Criminalising activist spaces: Privatisation, public order, and moral order

    Research output: Chapter in Book/Conference proceeding with ISSN or ISBNChapter


    Drawing on critical criminology, this chapter analyses how the criminalisation of squatting was intertwined with economic and political interests reinforcing processes of hyper-commodification of urban spaces and the protection of private property rights. It argues that in the context of the criminalisation of squatting, security technologies were combined with moral landscapes: namely regulatory strategies and legal–moral ordering practices. The analysis of the criminalisation of squatting in the Netherlands aims at uncovering the complex process of criminalisation of squatting alongside and beyond its juridical apparatuses, focusing on the complex interplay between the different forces mobilised to enforce legal, political, and moral imperatives. The chapter also argues that the criminalisation of practices of resistance and of activists’ spaces served not only the affirmation of private property and capitalist modes of production, but also a more subtle creation of domesticated subjectivities and communities, as to turn them into easy subjects to manage, to control, and to govern.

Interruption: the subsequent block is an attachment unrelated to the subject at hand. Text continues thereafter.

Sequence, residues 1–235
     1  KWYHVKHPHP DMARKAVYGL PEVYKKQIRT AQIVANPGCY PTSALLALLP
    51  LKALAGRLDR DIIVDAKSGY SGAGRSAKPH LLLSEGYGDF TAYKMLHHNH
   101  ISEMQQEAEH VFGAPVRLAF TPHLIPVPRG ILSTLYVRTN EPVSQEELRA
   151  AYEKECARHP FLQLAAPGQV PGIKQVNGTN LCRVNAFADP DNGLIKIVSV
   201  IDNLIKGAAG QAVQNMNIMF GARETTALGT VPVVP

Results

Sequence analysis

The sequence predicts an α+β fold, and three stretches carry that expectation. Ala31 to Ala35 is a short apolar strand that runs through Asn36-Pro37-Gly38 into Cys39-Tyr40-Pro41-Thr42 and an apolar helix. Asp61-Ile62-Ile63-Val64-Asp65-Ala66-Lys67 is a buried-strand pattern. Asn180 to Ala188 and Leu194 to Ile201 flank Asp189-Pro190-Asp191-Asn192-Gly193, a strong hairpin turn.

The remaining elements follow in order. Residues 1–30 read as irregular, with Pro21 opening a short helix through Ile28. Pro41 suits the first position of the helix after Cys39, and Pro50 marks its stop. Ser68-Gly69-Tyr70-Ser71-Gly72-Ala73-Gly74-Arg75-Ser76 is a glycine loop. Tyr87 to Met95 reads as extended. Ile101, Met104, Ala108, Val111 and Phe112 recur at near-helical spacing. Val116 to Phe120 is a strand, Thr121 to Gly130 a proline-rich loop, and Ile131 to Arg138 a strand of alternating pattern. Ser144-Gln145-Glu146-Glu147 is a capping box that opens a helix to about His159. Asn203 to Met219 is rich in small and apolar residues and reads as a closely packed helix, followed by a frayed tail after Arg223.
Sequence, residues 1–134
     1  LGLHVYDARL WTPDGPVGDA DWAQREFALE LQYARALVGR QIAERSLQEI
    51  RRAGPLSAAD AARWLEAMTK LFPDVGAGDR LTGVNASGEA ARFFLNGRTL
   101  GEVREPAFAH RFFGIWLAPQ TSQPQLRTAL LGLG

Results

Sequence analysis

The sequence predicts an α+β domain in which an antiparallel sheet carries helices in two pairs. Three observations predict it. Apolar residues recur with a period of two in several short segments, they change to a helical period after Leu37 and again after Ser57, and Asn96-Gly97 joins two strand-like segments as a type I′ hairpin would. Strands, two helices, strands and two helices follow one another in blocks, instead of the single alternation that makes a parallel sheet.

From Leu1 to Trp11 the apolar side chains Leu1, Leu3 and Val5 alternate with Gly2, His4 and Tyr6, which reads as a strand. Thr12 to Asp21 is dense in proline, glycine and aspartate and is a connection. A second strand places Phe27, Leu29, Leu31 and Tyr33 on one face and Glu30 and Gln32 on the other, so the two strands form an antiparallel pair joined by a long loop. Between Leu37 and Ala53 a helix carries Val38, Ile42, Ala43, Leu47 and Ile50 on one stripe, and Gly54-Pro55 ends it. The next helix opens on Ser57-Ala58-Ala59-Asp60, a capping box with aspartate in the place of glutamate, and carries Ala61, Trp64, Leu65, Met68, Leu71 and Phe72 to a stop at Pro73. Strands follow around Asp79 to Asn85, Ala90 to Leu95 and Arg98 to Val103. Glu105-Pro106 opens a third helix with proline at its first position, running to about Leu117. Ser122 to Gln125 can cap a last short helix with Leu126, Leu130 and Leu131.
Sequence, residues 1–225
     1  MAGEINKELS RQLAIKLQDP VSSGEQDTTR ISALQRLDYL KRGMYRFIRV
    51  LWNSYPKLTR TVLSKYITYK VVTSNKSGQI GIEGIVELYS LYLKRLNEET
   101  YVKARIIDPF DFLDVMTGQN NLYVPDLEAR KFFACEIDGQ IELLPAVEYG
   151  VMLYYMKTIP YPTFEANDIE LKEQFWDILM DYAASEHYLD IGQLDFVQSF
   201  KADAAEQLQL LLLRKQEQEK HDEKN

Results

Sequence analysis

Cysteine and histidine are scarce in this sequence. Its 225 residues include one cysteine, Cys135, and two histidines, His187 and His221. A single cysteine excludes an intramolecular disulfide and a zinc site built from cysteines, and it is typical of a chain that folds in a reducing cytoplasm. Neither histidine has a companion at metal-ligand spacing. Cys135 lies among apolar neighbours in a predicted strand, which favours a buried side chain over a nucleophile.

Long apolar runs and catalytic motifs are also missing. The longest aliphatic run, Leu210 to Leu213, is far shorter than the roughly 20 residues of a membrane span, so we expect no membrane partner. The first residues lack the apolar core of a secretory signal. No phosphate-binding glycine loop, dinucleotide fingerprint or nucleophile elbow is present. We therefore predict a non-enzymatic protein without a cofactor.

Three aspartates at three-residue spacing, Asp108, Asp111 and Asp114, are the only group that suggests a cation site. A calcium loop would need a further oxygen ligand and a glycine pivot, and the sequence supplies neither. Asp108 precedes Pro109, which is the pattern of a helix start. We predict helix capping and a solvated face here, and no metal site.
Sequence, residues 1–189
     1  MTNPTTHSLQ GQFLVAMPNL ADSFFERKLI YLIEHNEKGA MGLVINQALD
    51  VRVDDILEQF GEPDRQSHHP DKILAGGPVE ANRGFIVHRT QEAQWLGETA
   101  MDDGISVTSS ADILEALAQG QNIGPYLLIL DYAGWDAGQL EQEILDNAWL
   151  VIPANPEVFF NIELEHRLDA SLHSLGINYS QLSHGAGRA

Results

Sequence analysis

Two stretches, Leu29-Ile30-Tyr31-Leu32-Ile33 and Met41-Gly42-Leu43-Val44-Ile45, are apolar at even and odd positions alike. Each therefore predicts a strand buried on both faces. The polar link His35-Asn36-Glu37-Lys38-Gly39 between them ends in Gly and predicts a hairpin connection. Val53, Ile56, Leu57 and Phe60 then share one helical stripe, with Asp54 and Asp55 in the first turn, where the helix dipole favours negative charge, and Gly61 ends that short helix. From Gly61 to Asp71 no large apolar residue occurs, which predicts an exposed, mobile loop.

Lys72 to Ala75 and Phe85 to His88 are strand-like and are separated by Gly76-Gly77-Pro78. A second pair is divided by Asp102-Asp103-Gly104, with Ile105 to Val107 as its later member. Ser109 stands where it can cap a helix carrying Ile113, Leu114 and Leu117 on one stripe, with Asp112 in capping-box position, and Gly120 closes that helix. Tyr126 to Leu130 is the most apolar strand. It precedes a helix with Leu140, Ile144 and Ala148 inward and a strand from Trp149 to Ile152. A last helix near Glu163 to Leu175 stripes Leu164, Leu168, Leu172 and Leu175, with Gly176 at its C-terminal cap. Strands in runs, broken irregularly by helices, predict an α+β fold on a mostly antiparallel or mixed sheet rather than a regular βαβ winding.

Original languageEnglish
    Title of host publicationUrban Change and Citizenship in Times of Crisis
    Subtitle of host publicationFigurations of Conflict and Resistance
    EditorsBrian Turner, Hannah Wolf, Gregor Fitzi, Jürgen Mackert
    Place of PublicationLondon
    Number of pages14
    ISBN (Electronic)9780429262302
    Publication statusPublished - 9 Apr 2020


    • Criminalisation
    • Social Movements
    • Activism
    • Citizenship


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